(Some books say "pages" instead of "doctrines;" Sanderson has "precepts."
Also Sanderson has the singular "my soul" instead of the plural "our souls.")
 A. The precious book has been given by inspiration of God: 2 Tim. 3.16-17
 B. It contains sound doctrine or teaching that we must accept to please God: Tit. 1.9, 2.1
 C. The purpose of this sound doctrine is to guide our souls to heaven, that inheritance for which we hope: 1 Pet. 1.3-5

II. Stanza 2 tells us that it displays the Savior’s love
"Its light descending from above, Our gloomyworld to cheer,
Displays a Savior’s boundless love, And brings His glories near."
(One book has "sin-sick" instead of "gloomy.")
 A. The glorious gospel of Christ brings light to open our eyes: 2 Cor. 4.4
 B. The reason that our eyes need light is that this world is gloomy or dark because of sin: Rom. 3.23
 C. However, the light of the gospel displays the Savior’s boundless love: Lk. 24.25-27, 44-47

III. Stanza 3 tells us that it shows our wandering ways
"It shows to man his wandering ways, And where his feet have trod;
And brings to view the matchless grace Of a forgiving God."
(One book has "our forgiving God")
 A. All we like sheep have wandered away: Isa. 53.6
 B. However, the Bible reveals God’s matchless grace by which we can be saved: Eph. 2.8-9
 C. Therefore, because of His grace revealed in the word, we can have forgiveness: Eph. 1.7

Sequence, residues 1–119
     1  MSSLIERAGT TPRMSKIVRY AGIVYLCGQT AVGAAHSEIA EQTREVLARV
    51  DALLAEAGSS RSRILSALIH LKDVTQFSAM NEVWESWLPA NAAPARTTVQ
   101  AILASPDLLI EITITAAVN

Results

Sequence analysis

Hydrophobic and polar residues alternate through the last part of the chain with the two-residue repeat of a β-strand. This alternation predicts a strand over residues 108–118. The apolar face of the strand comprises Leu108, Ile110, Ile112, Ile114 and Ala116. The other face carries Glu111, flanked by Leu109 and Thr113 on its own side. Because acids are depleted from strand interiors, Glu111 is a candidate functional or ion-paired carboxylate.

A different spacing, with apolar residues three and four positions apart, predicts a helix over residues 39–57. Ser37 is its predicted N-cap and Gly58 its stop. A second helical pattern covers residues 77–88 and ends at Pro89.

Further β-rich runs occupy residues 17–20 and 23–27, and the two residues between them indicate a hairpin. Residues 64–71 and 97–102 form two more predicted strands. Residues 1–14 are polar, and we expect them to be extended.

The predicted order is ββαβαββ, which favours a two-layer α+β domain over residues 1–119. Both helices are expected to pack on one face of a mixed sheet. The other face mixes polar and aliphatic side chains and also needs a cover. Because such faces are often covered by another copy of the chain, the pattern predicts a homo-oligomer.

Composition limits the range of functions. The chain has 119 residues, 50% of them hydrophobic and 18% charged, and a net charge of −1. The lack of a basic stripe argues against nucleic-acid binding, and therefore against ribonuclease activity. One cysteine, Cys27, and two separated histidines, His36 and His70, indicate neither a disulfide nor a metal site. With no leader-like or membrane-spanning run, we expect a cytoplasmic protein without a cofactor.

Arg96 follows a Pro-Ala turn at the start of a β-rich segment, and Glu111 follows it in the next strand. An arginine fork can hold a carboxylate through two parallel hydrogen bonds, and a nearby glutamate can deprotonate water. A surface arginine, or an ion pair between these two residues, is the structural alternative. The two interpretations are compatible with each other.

IV. Stanza 4 says that it brightens the strait and narrow way
"O’er all the strait and narrow way Its radiant beams are cast;
A light whose never-weary ray Grows brightest at the last."
(One book has "ever cheering" instead of "never weary;"
also one book has "brighter" instead of "brightest.")
 A. The way which God wants us to travel is strait and narrow: Matt. 7.13-14
 B. It is by inclining our hearts to God’s testimonies that we can be led in God’s way: Ps. 119.36-37
 C. Thus, it is in the written word that we see Him who is the "light fo the world": Jn. 8.12

V. Stanza 5 says that it bring cheer to our hearts
"It sweetly cheers our fainting hearts In this dark vale of tears;
Life, light, and joy it still imparts, And quells our rising fears."
(Sanderson has "my drooping heart" instead of "our fainting hearts."
He also has "Light to my life" instead of "Life, light, and joy."
And he has "my rising fears" instead of "Our rising fears.")
 A. The word will help us not to faint in doing good: Gal. 6.9
 B. To accomplish this, it imparts joy to our hearts: Phil. 4.4
 C. The result is that the love which it reveals will quell our rising fears: 1 Jn. 4.18

VI. Stanza 6 says that it will guide us to eternal day
"This lamp, through all the tedious night Of life, shall guide our way,
Till we behold the clearer light Of an eternal day."
(Sanderson has "my way" instead of "our way" and "I" instead of "we.")
 A. This life is often referred to poetically as a tedious night because of the darkness of sin: Jn. 3.19-20
 B. However, God has given us His word to guide our way: Ps. 32.8
 C. In this way we can have the promise of eternal life: 1 Jn. 2.25

     CONCL.: One book has a stanza that seems to combine stanzas five and six.
"It lights our path, it lifts our hearts, Along the upward way;
It life and joy and peace imparts Till dawns eternal day."
Sanderson’s tune is actually a rather good one, although one wonders why he felt that he had to alter the original text, unless it was just to give it his own touch. But whether sung to Sanderson’s tune, or Bain’s tune, or any other, this song reminds us of the necessity of putting our faith in and being guided in our lives by "The Precious Book Divine."

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One thought on ““The Precious Book Divine”